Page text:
I’d recommend CMOs or Marketing Heads to act as unifiers between the two teams, making sure the CEO understands exactly how Marketing is driving growth, understanding your customer’s evolving needs, and contributing to the company’s broader goals and vision. Adopt the language and psyche of the C-suite executives — and articulate how Marketing can help meet the C-suite’s and company’s needs.

4. Invest In Purpose-Driven Marketing

Your customer wants to know how you’re contributing to the betterment of your community in these difficult times. If your business is catering to millennials and Gen Z’ers, understand that this generation grew up in a world advocating for issues such as sustainability, climate change, and cyber-bullying. Nielsen Report on Social Responsibility even back in 2014 stated that, instead of donating money directly to causes they care about, shoppers under the age of 40 prefer to give back through where they shop.” and this holds true even today. So ask yourself this:

It is more important than ever for your customer or client to be able to say that the business they engage or partner with, reflects their values. Addressing pressing concerns no longer feels like a choice, but your corporate responsibility to use your platform for good and to help bring about change. Edelman’s 2020 Trust Barometer reveals that trust in a brand to do what’s right is a deal-breaker or deciding factor in their buying decision for 81% of the participants.

5. Customers Trust You With Their Data. What You Do With That Data Matters.

Being a Marketer, I am sometimes astonished (and even a little scared) by the amount of customer-data we hold. But what we do with that data, matters. Unfortunately, not many conversations are being had about this issue. I am a huge advocate of “Social-For-Good” and building a healthy digital ecosystem. However, I wouldn’t be a decent Marketer if I didn’t address the whole other side of Social Media that tackles fake news, privacy breaches, and even manipulation. The main issue is that social is such a huge part of our lives; if you’re not on it, you’re missing out and it might even hinder you from progressing at work or in life. Therefore: I’d recommend Marketers and companies, to take a step back, and ensure you’re actually using social media to deliver value through your product/service that you genuinely believe will enrich your customers’ lives. In these chaotic times, it’s easy to get wrapped up in the data, numbers, and techniques to convert. You might even end up using this data in a way that manipulates your audience, without even realizing you’re doing it, just because you have the ability to do it in the first place.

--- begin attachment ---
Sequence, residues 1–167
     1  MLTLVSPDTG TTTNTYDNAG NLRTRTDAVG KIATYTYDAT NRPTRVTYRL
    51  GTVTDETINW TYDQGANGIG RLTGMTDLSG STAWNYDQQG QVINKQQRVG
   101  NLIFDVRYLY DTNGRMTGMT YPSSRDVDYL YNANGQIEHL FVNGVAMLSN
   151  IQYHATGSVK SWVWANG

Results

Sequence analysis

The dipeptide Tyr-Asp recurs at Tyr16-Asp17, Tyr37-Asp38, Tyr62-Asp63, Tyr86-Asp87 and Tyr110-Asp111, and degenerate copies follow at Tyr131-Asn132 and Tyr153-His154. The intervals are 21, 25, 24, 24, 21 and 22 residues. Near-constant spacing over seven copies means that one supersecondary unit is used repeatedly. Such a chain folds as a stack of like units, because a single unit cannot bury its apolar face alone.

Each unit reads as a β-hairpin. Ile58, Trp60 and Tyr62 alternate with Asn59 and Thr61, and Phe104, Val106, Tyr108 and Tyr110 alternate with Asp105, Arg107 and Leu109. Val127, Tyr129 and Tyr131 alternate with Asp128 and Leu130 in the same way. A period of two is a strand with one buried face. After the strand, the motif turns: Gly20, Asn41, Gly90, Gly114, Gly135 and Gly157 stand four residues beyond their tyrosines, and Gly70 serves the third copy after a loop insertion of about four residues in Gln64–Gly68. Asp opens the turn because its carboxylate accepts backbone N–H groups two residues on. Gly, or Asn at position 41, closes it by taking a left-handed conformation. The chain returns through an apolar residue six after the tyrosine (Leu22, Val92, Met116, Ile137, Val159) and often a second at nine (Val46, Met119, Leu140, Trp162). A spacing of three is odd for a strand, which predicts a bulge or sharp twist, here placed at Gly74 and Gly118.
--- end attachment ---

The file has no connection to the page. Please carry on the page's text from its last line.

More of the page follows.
At the end of the day, you’re using social media to connect with your audience, on a level no other platform allows. But it’s sad to see such a powerful tool intended for connection, sometimes being used for manipulation.

I was watching The Social Dilemma recently, and the former VP of Facebook, Chamath Palihapitiya, raised an important point:

“we get rewarded in these short-term signals, such as hearts, likes, thumbs ups and we conflate that with value…but it’s really just fake brittle popularity…and it forces you into this vicious cycle.”

I couldn’t agree more. I’m not saying these metrics don’t matter, because they do, but authenticity eats it for breakfast every time. Let’s stop chasing after vanity metrics — and instead focus on genuine connections.

Disclaimer: I have contributed this article in my personal capacity. The views and opinions expressed in this article are mine and are not shared, supported, or endorsed in any manner by another organization, company or employer which have been, will be, or are associated with me in a professional or personal capacity, unless explicitly stated.

Thoughts on Marketing in a Pandemic? I’d love to hear it. Feel free to drop it in the comments down below or reach out to me via Twitter!

ɪɴᴅɪᴀ ✈️ ᴘʜɪʟɪᴘᴘɪɴᴇs ✈️ ɴᴇᴡ ʏᴏʀᴋ ᴄɪᴛʏ // Digital Marketer, specializing in Social Media & Community Management